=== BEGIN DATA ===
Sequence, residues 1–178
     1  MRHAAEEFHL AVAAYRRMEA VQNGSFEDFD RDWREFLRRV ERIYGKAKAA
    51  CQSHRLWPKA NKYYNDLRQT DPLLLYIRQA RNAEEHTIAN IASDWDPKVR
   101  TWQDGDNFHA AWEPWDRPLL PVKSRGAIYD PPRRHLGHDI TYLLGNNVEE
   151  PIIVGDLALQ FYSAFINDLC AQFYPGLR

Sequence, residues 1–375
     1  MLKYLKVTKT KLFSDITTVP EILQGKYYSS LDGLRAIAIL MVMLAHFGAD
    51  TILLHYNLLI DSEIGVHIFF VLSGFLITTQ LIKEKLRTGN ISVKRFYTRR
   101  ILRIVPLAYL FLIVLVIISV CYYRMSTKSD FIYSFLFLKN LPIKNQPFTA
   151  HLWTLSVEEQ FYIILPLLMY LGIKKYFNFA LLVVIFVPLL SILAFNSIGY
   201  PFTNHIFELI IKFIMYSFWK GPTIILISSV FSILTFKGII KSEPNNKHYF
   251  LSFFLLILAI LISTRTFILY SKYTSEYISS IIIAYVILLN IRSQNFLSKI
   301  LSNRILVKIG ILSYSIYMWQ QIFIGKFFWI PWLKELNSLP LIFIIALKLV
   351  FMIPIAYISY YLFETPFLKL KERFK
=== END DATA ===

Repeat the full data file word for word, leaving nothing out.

Sequence, residues 1–178
     1  MRHAAEEFHL AVAAYRRMEA VQNGSFEDFD RDWREFLRRV ERIYGKAKAA
    51  CQSHRLWPKA NKYYNDLRQT DPLLLYIRQA RNAEEHTIAN IASDWDPKVR
   101  TWQDGDNFHA AWEPWDRPLL PVKSRGAIYD PPRRHLGHDI TYLLGNNVEE
   151  PIIVGDLALQ FYSAFINDLC AQFYPGLR

Sequence, residues 1–375
     1  MLKYLKVTKT KLFSDITTVP EILQGKYYSS LDGLRAIAIL MVMLAHFGAD
    51  TILLHYNLLI DSEIGVHIFF VLSGFLITTQ LIKEKLRTGN ISVKRFYTRR
   101  ILRIVPLAYL FLIVLVIISV CYYRMSTKSD FIYSFLFLKN LPIKNQPFTA
   151  HLWTLSVEEQ FYIILPLLMY LGIKKYFNFA LLVVIFVPLL SILAFNSIGY
   201  PFTNHIFELI IKFIMYSFWK GPTIILISSV FSILTFKGII KSEPNNKHYF
   251  LSFFLLILAI LISTRTFILY SKYTSEYISS IIIAYVILLN IRSQNFLSKI
   301  LSNRILVKIG ILSYSIYMWQ QIFIGKFFWI PWLKELNSLP LIFIIALKLV
   351  FMIPIAYISY YLFETPFLKL KERFK